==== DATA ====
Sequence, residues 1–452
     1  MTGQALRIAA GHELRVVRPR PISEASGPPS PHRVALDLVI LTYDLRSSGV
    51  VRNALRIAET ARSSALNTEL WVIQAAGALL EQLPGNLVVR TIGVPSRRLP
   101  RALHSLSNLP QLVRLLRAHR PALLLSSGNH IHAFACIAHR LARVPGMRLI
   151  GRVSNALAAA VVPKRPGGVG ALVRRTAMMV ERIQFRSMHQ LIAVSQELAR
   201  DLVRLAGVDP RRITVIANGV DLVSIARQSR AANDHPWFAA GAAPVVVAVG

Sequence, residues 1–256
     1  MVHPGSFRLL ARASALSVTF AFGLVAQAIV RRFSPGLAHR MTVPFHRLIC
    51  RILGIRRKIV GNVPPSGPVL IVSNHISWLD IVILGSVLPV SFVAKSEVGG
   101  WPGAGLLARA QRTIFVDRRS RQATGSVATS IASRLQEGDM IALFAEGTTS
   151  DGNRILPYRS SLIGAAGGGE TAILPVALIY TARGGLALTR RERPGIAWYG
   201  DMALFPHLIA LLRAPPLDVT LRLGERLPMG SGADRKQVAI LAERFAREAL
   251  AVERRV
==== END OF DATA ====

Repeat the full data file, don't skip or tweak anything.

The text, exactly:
Sequence, residues 1–452
     1  MTGQALRIAA GHELRVVRPR PISEASGPPS PHRVALDLVI LTYDLRSSGV
    51  VRNALRIAET ARSSALNTEL WVIQAAGALL EQLPGNLVVR TIGVPSRRLP
   101  RALHSLSNLP QLVRLLRAHR PALLLSSGNH IHAFACIAHR LARVPGMRLI
   151  GRVSNALAAA VVPKRPGGVG ALVRRTAMMV ERIQFRSMHQ LIAVSQELAR
   201  DLVRLAGVDP RRITVIANGV DLVSIARQSR AANDHPWFAA GAAPVVVAVG

Sequence, residues 1–256
     1  MVHPGSFRLL ARASALSVTF AFGLVAQAIV RRFSPGLAHR MTVPFHRLIC
    51  RILGIRRKIV GNVPPSGPVL IVSNHISWLD IVILGSVLPV SFVAKSEVGG
   101  WPGAGLLARA QRTIFVDRRS RQATGSVATS IASRLQEGDM IALFAEGTTS
   151  DGNRILPYRS SLIGAAGGGE TAILPVALIY TARGGLALTR RERPGIAWYG
   201  DMALFPHLIA LLRAPPLDVT LRLGERLPMG SGADRKQVAI LAERFAREAL
   251  AVERRV